Country Living Series

Tuesday, March 25, 2014

A vegetarian in beef country

An interesting article appeared on SurvivalBlog recently entitled What the Locals Really Think in which a fourth-generation homesteader related how newcomers to his rural area know everything. “I just find it funny because a lot of these folks come here and just do what I've done all my life,” he relates, “and then they squawk about it like a chicken that just laid an egg.”

(Ahem. For those unfamiliar with chickens, when a hen lays an egg, she cackles about it for long minutes after her deed is done. “Look at me! Look at what I’ve done!” It’s quite comical.)


As I start working on our garden this spring, it occurred to me that the best experts on almost any topic are those who have never done it. The people who know the most about gardening have only grown potted tomatoes on their patio. The people who know the most about how to raise kids have never had any. (This is particularly annoying/ tragic when these people are CPS workers.) The people who know the most about caring for cattle derived all their knowledge from watching YouTube videos. We’ve all been at the mercy of those who share with us their most profound wisdom on subjects they have never experienced.


Often newcomers to rural ways feel they must reinvent the wheel when it comes to learning what does and doesn’t work. They prefer to apply their book and video learning to whatever task is at hand – and fail, as often as not – rather than seek out the advice from experienced long-timers who have “been there done that” – sometimes, in the case of the SurvivalBlog article, for four generations.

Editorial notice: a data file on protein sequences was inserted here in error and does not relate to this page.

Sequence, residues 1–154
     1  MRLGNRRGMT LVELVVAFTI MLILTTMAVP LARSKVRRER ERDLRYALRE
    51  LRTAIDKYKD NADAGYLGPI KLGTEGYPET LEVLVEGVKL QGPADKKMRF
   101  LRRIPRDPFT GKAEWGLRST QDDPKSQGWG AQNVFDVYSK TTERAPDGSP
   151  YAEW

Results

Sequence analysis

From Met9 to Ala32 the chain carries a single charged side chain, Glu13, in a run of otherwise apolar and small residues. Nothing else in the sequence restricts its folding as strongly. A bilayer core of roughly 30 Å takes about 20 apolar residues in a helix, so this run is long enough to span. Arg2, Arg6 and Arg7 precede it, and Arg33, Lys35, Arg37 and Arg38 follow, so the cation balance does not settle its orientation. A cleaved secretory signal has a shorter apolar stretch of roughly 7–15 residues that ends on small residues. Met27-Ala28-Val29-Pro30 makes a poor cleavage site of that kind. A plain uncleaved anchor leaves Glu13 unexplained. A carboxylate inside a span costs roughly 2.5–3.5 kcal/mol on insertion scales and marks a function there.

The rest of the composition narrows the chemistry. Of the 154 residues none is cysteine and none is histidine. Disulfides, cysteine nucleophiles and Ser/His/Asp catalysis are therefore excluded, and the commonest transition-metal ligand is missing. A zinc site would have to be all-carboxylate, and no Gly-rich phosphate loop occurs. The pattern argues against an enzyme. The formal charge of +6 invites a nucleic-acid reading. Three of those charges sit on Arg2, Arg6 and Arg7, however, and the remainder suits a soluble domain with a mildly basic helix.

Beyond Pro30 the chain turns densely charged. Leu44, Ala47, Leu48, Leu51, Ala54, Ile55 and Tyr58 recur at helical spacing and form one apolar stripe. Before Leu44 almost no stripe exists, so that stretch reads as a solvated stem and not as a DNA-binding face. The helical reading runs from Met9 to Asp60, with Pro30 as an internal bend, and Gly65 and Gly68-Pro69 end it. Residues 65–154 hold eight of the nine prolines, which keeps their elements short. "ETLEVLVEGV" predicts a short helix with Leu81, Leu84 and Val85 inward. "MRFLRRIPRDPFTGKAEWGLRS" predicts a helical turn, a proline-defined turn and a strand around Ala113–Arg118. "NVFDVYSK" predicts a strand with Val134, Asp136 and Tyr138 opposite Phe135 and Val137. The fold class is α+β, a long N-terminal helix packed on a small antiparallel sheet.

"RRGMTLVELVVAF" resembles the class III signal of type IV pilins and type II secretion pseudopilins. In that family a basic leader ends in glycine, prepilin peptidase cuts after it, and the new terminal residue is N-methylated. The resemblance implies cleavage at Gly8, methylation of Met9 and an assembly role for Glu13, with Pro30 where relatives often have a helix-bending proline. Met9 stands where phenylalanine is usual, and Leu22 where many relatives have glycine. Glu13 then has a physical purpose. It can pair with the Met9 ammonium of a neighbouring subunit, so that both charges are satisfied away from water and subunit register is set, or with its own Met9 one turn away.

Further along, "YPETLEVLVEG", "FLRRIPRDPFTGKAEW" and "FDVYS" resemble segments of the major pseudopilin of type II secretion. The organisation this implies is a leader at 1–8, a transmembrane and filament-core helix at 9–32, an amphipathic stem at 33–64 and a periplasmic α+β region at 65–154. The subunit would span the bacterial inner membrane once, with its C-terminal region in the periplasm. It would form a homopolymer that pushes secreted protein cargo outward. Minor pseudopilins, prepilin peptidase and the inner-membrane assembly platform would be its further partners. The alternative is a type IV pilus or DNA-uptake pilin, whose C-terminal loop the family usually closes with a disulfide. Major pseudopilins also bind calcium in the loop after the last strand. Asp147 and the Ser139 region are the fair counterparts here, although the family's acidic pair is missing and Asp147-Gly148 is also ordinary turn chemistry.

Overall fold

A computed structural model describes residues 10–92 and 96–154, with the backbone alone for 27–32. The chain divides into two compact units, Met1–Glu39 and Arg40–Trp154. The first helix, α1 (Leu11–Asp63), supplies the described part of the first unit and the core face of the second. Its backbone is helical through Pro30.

Please don’t misunderstand, book learning is critical in the initial stages of any task. If someone has not yet had the opportunity to move rural, then book knowledge is often ALL they can acquire until they have a chance to put things into practice.


My gripe isn’t with these types of people. My gripe is with people who think their book knowledge supersedes an experienced homesteader’s real-life experience. In other words, when they become armchair experts.


This SurvivalBlog article was so comical that Don and I both laughed out loud in parts. For example, the newcomer – who has decided that the world is coming to an end and the government is out to get him – decided to give a party for his neighbors to discuss how to handle the apocalypse. In the words of the 4th generation homesteader, “Too often the guy calling the meeting assumes that everyone should, of course, listen to him – the guy who moved in a year ago and is stupid enough to be a vegetarian in beef country.”


If there’s one thing you’ve doubtless learned from this blog, it’s how many times we’ve screwed up when it comes to rural endeavors. The predominant thing we’ve learned over the years is what DOESN’T work. There’s no reason to reinvent the square wheel. (We’ve already tried it. Square wheels don’t work. Except in specialized circumstances.)


Those who are experts in something are experts because they’ve already gone through the square-wheel stage. They’ve learned through trial and error what doesn’t work. I wouldn’t trust my surgeon if his only knowledge came from book-learning; he needs hands-on experience as well. He especially needs to know what doesn’t work. I trust gardeners who have huge and flourishing gardens, not those with a single tomato plant on the patio. I trust livestock breeders with a herd of healthy livestock, not an active account on Farmville. I trust someone with a dozen wonderfully-behaved children, not someone who took college courses in child psychology.

Okay, rant over.

22 comments:

  1. Amen. I once had a childless by choice couple tell me that they would take my kids for two weeks and straighten them out. Stunning. I couldn't even close my gaping mouth.